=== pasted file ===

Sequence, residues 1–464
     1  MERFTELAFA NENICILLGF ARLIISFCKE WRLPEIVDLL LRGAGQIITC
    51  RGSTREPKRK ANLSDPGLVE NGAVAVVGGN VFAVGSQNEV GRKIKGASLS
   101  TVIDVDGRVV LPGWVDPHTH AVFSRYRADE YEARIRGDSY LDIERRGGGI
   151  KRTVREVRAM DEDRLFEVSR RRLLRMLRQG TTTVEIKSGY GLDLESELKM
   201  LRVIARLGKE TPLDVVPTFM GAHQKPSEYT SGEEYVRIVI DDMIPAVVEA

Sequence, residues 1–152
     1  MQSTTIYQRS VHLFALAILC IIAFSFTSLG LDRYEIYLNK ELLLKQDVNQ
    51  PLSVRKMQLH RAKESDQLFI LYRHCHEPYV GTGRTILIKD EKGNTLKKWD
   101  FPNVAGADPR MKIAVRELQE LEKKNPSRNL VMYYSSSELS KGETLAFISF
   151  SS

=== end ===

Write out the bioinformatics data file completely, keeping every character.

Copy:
Sequence, residues 1–464
     1  MERFTELAFA NENICILLGF ARLIISFCKE WRLPEIVDLL LRGAGQIITC
    51  RGSTREPKRK ANLSDPGLVE NGAVAVVGGN VFAVGSQNEV GRKIKGASLS
   101  TVIDVDGRVV LPGWVDPHTH AVFSRYRADE YEARIRGDSY LDIERRGGGI
   151  KRTVREVRAM DEDRLFEVSR RRLLRMLRQG TTTVEIKSGY GLDLESELKM
   201  LRVIARLGKE TPLDVVPTFM GAHQKPSEYT SGEEYVRIVI DDMIPAVVEA

Sequence, residues 1–152
     1  MQSTTIYQRS VHLFALAILC IIAFSFTSLG LDRYEIYLNK ELLLKQDVNQ
    51  PLSVRKMQLH RAKESDQLFI LYRHCHEPYV GTGRTILIKD EKGNTLKKWD
   101  FPNVAGADPR MKIAVRELQE LEKKNPSRNL VMYYSSSELS KGETLAFISF
   151  SS